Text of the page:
Forget Wheels, NASA Seeks Alternative Rover Motion Techniques for Exploring Robots

NASA 2022 BIG Idea Challenge

NASA 2022 BIG Idea Challenge Credit: NASA

In 2022, university students’ robotics designs may hop, slither, crawl, balloon, tumble, levitate, or leap to victory, displaying alternative rover motion techniques during NASA’s annual Breakthrough, Innovative and Game-Changing (BIG) Idea Challenge.

Traditional wheeled rovers cannot reach many of the unexplored areas of the Moon and Mars. Student teams participating in the BIG Idea Challenge, a university-level competition sponsored by NASA and managed by the National Institute of Aerospace (NIA), will develop innovative and cost-effective robots that go beyond wheeled rovers capable of exploring other worlds. The challenge is aligned with the agency’s Artemis program goals of using innovative technologies to explore more of the lunar surface than ever before and using what we learn on the Moon to send humans to Mars.

The BIG Idea Challenge, now in its seventh year, invites university students to tackle some of the most critical needs facing space exploration and the mission capabilities that could make new discoveries possible. The challenge provides undergraduate and graduate students working with faculty advisors the opportunity to design, develop, and demonstrate their technology in a project-based program over the course of a year and a half.

Adaptive locomotive modality, or the ability to move in different ways, is integral to extreme terrain exploration on the Moon and Mars. Exploring areas that are currently inaccessible will open new opportunities for science and in-situ resource utilization (ISRU) operations. Lessons learned exploring more of the Moon will lower the costs, improve safety, and increase the performance of deep space exploration, enabling more robust Mars missions. Mobility innovations will allow NASA to respond more rapidly to evolving mission needs.

“To fully explore the Moon and Mars, NASA will need more than traditional wheeled rovers,” said Niki Werkheiser, director of technology maturation within the agency’s Space Technology Mission Directorate (STMD). “We’re looking to these university students for cutting-edge alternative ideas that will enable us to explore extreme terrestrial terrain on the Moon and later on Mars.”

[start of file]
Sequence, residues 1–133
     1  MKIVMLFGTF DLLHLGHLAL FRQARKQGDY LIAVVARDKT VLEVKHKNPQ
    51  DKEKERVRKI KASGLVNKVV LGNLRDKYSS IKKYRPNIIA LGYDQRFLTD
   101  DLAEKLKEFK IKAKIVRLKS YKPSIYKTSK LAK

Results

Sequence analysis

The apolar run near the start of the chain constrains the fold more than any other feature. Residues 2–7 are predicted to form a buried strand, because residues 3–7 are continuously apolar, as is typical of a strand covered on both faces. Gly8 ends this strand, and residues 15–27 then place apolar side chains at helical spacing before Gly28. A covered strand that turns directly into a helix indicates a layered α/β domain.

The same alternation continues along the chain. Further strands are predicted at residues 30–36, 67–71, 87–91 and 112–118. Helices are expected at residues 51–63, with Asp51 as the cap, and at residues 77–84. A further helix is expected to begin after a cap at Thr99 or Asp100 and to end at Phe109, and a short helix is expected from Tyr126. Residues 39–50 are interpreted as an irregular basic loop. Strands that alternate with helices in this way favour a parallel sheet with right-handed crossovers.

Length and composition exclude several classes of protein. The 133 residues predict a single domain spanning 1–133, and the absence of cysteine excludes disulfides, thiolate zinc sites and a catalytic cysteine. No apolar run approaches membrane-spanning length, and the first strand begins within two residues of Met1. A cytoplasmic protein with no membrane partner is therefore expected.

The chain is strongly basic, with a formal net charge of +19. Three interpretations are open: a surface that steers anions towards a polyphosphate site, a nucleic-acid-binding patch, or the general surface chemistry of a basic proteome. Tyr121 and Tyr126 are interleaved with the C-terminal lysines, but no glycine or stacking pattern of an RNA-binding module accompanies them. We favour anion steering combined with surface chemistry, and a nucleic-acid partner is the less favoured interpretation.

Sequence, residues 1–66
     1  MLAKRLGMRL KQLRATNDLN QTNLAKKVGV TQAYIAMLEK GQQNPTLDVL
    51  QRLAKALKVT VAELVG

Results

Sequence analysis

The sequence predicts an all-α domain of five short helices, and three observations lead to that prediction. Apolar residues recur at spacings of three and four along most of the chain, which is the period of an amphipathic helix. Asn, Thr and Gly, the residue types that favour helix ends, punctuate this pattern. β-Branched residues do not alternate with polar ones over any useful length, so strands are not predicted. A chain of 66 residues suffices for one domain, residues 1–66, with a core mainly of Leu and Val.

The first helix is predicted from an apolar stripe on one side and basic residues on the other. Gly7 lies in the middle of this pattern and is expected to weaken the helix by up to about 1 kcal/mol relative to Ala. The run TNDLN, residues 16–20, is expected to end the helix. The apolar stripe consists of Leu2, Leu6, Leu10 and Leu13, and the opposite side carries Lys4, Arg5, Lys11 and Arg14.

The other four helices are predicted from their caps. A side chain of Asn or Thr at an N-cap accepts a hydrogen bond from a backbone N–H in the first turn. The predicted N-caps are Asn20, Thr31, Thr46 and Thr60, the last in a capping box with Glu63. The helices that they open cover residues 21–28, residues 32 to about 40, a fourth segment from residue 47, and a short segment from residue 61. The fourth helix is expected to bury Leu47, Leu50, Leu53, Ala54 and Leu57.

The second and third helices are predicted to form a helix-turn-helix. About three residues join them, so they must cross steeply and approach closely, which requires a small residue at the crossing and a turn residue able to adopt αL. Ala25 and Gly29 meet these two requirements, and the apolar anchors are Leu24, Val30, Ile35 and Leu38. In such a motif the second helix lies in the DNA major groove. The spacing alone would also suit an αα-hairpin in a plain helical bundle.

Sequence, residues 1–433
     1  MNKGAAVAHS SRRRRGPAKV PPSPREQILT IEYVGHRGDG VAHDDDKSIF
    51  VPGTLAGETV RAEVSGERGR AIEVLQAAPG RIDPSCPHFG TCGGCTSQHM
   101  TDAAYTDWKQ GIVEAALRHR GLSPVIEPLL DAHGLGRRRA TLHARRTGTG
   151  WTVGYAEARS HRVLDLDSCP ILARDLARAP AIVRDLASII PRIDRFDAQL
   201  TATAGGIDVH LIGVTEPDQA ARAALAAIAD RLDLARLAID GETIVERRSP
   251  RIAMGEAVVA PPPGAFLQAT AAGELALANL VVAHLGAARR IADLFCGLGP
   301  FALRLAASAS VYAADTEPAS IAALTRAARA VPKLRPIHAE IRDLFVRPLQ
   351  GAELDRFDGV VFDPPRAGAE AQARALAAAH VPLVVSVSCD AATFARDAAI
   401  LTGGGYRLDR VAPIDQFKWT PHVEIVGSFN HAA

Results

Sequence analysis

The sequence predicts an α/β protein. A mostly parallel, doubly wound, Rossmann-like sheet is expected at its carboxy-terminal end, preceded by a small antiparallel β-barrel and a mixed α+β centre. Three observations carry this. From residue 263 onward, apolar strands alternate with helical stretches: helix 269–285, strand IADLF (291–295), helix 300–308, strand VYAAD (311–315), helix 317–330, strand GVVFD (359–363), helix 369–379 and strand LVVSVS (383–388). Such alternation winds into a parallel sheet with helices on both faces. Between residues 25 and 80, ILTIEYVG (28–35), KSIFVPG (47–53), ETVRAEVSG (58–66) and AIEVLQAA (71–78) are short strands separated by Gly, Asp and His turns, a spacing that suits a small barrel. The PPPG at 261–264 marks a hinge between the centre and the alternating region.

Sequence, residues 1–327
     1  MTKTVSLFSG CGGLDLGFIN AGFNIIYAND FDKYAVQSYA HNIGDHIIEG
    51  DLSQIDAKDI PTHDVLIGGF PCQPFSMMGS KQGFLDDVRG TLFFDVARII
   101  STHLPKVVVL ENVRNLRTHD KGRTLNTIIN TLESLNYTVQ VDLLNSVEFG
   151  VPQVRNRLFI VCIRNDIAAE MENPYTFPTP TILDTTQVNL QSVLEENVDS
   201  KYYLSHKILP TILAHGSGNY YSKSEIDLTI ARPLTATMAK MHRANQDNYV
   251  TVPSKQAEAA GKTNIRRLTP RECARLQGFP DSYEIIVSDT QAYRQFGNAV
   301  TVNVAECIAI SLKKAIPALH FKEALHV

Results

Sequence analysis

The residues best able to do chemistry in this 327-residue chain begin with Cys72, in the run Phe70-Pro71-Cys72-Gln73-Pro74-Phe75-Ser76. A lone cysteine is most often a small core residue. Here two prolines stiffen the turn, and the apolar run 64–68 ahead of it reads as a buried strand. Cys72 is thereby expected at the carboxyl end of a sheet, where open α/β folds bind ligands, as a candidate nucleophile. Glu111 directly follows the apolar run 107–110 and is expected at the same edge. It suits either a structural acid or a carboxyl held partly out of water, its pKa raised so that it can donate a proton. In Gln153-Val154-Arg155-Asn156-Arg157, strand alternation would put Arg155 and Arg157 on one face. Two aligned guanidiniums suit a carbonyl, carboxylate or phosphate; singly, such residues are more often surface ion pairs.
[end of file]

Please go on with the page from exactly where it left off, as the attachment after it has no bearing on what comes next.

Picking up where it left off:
Teams are invited to submit proposals for robots with new mobility solutions in operating scenarios that require access to extreme terrain categories, including, but not limited to:

  • Fluffy/high-porosity regolith expected at the lunar poles
  • Steep, rugged slopes (state of the art for a wheeled rover is about 30 degrees)
  • Uneven terrain with possible ice content at the bottom of deep-shadowed craters
  • Subterranean features, such as caves, lava tubes, and pits

Written proposal and video submission are due January 18, 2022. Teams must provide a specific mission scenario where the proposed solution might be needed, for example, the placement of navigation beacons in lava tubes on the Moon or Mars. NASA is interested in new mobility ideas that are part of an integrated robotic platform, with prototypes incorporating at least a minimal level of sensing, autonomy, and other necessary elements needed for a relevant test.

Teams of at least five and no more than 25 must be comprised of students and faculty at U.S.-based colleges and universities affiliated with their state’s Space Grant Consortium. Non-Space Grant affiliated colleges and universities may partner with a Space Grant-affiliated institution. This NASA-funded challenge provides development awards of up to $180,000 to up to eight selected teams to bring concept designs to life and share the results of their research and testing at the culminating forum in November 2022.

Unique to this year’s challenge is that selected finalist teams will be required to perform and provide results for robust proof-of-concept testing. Teams are encouraged to be creative and design their own accurate and realistically simulated testing scenarios that prove readiness to support a possible near-term lunar mission. 

“This is an exciting time in space exploration,” said Mike Kincaid, associate administrator of NASA’s Office of STEM Engagement. “It’s so cool to host hands-on challenges that prepare college students for future aerospace careers.  The 2022 BIG Idea Challenge theme incorporates an extra element of creativity that will undoubtedly result in fascinating ideas for NASA’s pursuit of alternative rover technologies.”

The 2022 BIG Idea Challenge is sponsored by NASA through a collaboration between STMD’s Game Changing Development program and the Office of STEM Engagement’s Space Grant project.

For full competition details, visit:

NASA’s BIG Idea Challenge

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